Liverpool courts pink pound as the capital for gay weddings

Liverpool followed Manchester and Newcastle in pursuit of the "pink pound" yesterday by styling itself as the leading British city for gay weddings.

Liverpool followed Manchester and Newcastle in pursuit of the "pink pound" yesterday by styling itself as the leading British city for gay weddings.

The city, one of only four in the country that waives a local residency requirement for gay weddings, became the first to make a gay couple the focus of its civil ceremony promotional material by featuring Shaun and Mark Johnson on the cover of its main brochure.

Liverpool has already had 55 same-sex "weddings" - 24 male and 31 female - and has attracted couples from as afield as London, Cardiff and Jamaica as it pursues a bigger share of a growing market. The number of weddings has risen quickly since the Mayor of London, Ken Livingstone, sanctioned Britain's first, four years ago - and the 15 local authorities that provide such a service have now staged almost 1,000 gay weddings between them.

Liverpool's aim to be the second city, after London, to host gay weddings was thwarted by municipal disagreement on the issue in 2001. The council's initial decision not to debate a local Liberal Democrat proposal to introduce gay weddings led the gay rights campaigner Peter Tatchell to warn that the city risked projecting a "hardline homophobic" image. As a result, it trailed behind both Brighton and Manchester and did not stage its first gay wedding until August 2002.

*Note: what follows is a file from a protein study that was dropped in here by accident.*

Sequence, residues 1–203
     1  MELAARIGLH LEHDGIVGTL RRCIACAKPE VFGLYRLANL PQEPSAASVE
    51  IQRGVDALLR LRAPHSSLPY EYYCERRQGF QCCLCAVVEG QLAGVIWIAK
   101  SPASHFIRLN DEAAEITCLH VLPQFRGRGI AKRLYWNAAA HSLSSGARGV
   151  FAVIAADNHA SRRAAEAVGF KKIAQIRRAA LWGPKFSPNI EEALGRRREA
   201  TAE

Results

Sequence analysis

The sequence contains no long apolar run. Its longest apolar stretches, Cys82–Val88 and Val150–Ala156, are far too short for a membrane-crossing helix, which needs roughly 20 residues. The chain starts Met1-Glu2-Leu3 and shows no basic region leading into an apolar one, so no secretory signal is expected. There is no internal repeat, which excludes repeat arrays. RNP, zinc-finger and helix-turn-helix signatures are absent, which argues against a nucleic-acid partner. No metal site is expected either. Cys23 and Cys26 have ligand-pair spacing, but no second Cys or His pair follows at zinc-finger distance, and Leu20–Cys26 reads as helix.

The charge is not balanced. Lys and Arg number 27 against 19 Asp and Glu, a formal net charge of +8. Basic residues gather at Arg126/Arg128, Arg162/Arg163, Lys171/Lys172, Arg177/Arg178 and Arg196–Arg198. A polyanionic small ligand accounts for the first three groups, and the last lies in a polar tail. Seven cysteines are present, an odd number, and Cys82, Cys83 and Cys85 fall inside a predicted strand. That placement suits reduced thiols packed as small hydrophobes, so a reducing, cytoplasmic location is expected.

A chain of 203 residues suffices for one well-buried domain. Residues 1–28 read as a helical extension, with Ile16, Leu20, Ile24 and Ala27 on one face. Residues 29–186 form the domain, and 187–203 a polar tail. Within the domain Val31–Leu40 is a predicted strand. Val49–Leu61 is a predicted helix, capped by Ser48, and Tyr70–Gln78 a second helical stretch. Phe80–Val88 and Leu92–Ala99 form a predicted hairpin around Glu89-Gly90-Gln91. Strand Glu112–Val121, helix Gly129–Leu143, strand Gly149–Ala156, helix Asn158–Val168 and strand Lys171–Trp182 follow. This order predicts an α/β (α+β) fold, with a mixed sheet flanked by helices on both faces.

But only three other places - Swansea, Leeds and Richmond upon Thames - waive residency requirements, which has helped Liverpool quickly consolidate its credentials. "We've picked up a lot from Cheshire, which do not do them and are terribly against the idea," said Janet Taubman, superintendent registrar and partnership register manager in Liverpool.

The use of Shaun and Mark (who by chance share the same surname) on literature telling couples how to take part in the civil ceremony is another statement of intent. "There is no reason why they should not appear on the cover," Ms Taubman said. "By promoting our services in this way we hope that more gays will be encouraged to come forward to take part in commitment ceremonies."

The growth of the gay wedding industry has already spawned Pink Weddings, a company which has organised more than 100 ceremonies for gay and lesbian couples unable to get what they need from mainstream wedding planners. This includes invitations and thank-you cards that refer to partnership ceremonies rather than weddings and cake tops with two men or two women, rather than bride and groom.

The number - and variety - of venues has also risen. Last year, Pink Weddings reached an agreement with the National Trust to host ceremonies at five of its historic buildings.

Liverpool, which charges £140 for each service, expects a large increase in its gay business after the Civil Partnership Bill, detailed in the Queen's Speech, becomes law.

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